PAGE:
Russians fleeing war call-up face new stresses on arrival in Kazakhstan

By Olzhas Auyezov and Mariya Gordeyeva

ALMATY (Reuters) - Russians opposed to the war in Ukraine or fearful of being sent to fight there have fled to Kazakhstan in their hundreds of thousands, but many are finding new problems on arrival.

Worries about money, sudden large increases in housing costs in response to the Russian influx, and scarce jobs are compounded by pressures from family back home - some have even been accused by relatives of betraying their country.

And the scale of the exodus has given rise to concerns from some Kazakhs who see the incoming Russians as a potential economic burden and even a security risk.

Kamar Karimova, a university professor in Kazakhstan's biggest city Almaty, had to move out of a rented apartment within a day when her landlord abruptly raised the monthly rent by 42% to 340,000 tenge ($723).

"Many of my friends, acquaintances and students ended up in similar situations," she says.

Rents have soared in Kazakhstan and other Central Asian nations - as well as Georgia - where Russians have headed since President Vladimir Putin announced a "partial mobilisation" on Sept. 21 to boost Russia's flagging war effort in Ukraine.

In Georgia, some landlords have started adding a "no Russians" clause to their rental ads.

"Colleagues and I...rented out a one-bedroom apartment in poor condition located in what we were told was a dangerous neighbourhood," said Dmitry, 39, a Russian interviewed in the Kazakh capital Astana who asked not to be identified by his full name.

"The price is not critical, but if you are paying 20,000 tenge ($43) per day and everyone tells you it is not worth even 10,000 tenge, you start believing them and it begins to stress you out."

The Kazakh government said this week that more than 200,000 Russians had entered the country since Putin's announcement, and some 147,000 had since left. No data is available on their final destinations, though some are thought to have headed to neighbouring former Soviet republics.

About 77,000 have registered in Kazakhstan's national ID system, a prerequisite for getting a job or a bank account.

The Kremlin on Thursday denied reports that 700,000 Russians had fled the country since the mobilisation decree. Putin's spokesman Dmitry Peskov could give no precise figures but said "of course they are far from what's being claimed there".

'DRAFT DODGERS'

The sudden influx has worried and even angered some locals in Kazakhstan. Several bloggers have posted videos online in which they ask newly arrived Russians about their position on Crimea, the peninsula which Russia annexed from Ukraine in 2014.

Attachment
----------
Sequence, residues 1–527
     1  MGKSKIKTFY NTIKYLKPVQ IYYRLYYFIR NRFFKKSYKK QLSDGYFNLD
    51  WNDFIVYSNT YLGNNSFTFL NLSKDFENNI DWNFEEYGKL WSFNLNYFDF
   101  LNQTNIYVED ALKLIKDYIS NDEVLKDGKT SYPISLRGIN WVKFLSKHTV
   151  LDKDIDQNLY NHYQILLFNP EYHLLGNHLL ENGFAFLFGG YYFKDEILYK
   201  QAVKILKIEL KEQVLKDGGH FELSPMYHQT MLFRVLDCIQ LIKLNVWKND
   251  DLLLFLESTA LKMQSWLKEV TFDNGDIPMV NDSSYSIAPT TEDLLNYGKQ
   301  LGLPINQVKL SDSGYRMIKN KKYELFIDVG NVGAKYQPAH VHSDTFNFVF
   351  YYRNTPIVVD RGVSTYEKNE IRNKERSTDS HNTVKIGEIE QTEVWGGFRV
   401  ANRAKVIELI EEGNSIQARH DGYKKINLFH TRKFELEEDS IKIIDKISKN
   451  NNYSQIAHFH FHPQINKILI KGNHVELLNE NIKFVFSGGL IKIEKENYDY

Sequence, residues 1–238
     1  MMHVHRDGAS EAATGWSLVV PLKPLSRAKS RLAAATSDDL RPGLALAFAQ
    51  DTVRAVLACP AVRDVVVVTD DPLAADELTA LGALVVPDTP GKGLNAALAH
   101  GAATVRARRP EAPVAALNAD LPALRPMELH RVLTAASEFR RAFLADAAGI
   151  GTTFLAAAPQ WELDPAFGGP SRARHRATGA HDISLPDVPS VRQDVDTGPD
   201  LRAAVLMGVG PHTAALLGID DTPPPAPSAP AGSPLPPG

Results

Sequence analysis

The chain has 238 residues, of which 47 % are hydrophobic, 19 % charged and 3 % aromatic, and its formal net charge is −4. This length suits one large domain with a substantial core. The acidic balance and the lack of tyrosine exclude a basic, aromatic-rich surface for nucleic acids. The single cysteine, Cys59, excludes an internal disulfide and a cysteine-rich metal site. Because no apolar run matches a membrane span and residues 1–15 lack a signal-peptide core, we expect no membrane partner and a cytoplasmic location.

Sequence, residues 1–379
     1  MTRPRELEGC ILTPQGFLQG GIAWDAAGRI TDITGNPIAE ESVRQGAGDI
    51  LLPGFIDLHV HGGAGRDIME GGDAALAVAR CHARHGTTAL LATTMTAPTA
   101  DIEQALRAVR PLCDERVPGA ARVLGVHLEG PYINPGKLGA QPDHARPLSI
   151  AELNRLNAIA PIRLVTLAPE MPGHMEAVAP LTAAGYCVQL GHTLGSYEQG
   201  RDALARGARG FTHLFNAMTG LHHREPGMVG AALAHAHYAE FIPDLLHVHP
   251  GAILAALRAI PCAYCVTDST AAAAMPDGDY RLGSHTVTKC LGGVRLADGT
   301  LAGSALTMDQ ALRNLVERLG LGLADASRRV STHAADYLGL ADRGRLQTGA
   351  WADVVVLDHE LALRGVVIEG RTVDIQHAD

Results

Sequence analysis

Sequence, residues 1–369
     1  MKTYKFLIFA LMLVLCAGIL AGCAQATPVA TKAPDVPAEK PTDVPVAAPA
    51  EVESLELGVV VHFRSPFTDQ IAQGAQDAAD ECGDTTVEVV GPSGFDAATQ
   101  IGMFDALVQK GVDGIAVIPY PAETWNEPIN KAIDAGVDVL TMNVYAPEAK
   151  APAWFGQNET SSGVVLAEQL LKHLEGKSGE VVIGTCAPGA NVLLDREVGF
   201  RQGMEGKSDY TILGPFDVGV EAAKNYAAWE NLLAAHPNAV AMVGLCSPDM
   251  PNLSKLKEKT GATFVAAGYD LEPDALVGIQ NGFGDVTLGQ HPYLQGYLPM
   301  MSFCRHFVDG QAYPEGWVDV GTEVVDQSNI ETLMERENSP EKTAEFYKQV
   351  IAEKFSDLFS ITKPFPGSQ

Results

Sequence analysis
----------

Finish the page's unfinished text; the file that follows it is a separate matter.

"To be honest, I am concerned because I do not know who they are, what they think, because they only started leaving (Russia) after the so-called partial mobilisation was declared," Kazakh politician Mukhtar Taizhan said.

"They are draft dodgers, to put it bluntly, the ones who got [became?] afraid they would be sent to war. We do not know... whether or not they support Putin."

Taizhan said he wanted the government to introduce tighter border controls, including background checks, or, ideally, to shut the border completely for Russians to protect the local labour market and avoid security risks.

"Tomorrow, they might unite into a group, start demanding something here," he said. "This might turn into a concern for our security and, God forbid, territorial integrity."

Uzbekistan's government said on Tuesday it was strengthening border controls, with border guard troops to be involved in vehicle and cargo checks alongside customs officials.

Jobs are another concern, both for Kazakhs and for the Russians. Yana, 25, who left Moscow after getting detained and briefly jailed a few times for attending anti-government protests, is trying to find a job as a waiter in Almaty, but everyone tells her waiters need to speak Kazakh.

"I have visited about 10 cafes, but no luck so far," she said.

Some Kazakh businesses have publicly announced job offers for those fleeing the Russian draft, but some of those offers explicitly stated they were aimed only at ethnic Kazakhs.

Muscovite Alexei, 41, plans to continue working remotely for his company's Russian office, having relocated to Almaty.

"I am mostly concerned about not being able to transfer money from my Russian bank account to my new Kazakh card. A bank clerk here offered a couple of solutions. Will be good if it works. If not, I'm screwed," he said.

Nikita Rakhimov, a Russian psychologist who has also moved to Kazakhstan and set up a psychological help chat in messaging app Telegram for fellow emigres, says the most common complaints are accusations of treachery from Russian relatives, and anxiety.

"People usually react to accusations of betrayal with confusion, because this means that this relative values my life lower than the (outcome of) the conflict in Ukraine," he said.

"(Anxiety) is the most typical complaint right now. Everybody is experiencing it. Even those who had a well thought-out plan when they left - and those are in the absolute minority. Against the backdrop of this anxiety, a person's worries are amplified. And neuroses worsen."

(Editing by Mark Trevelyan and Mark Heinrich)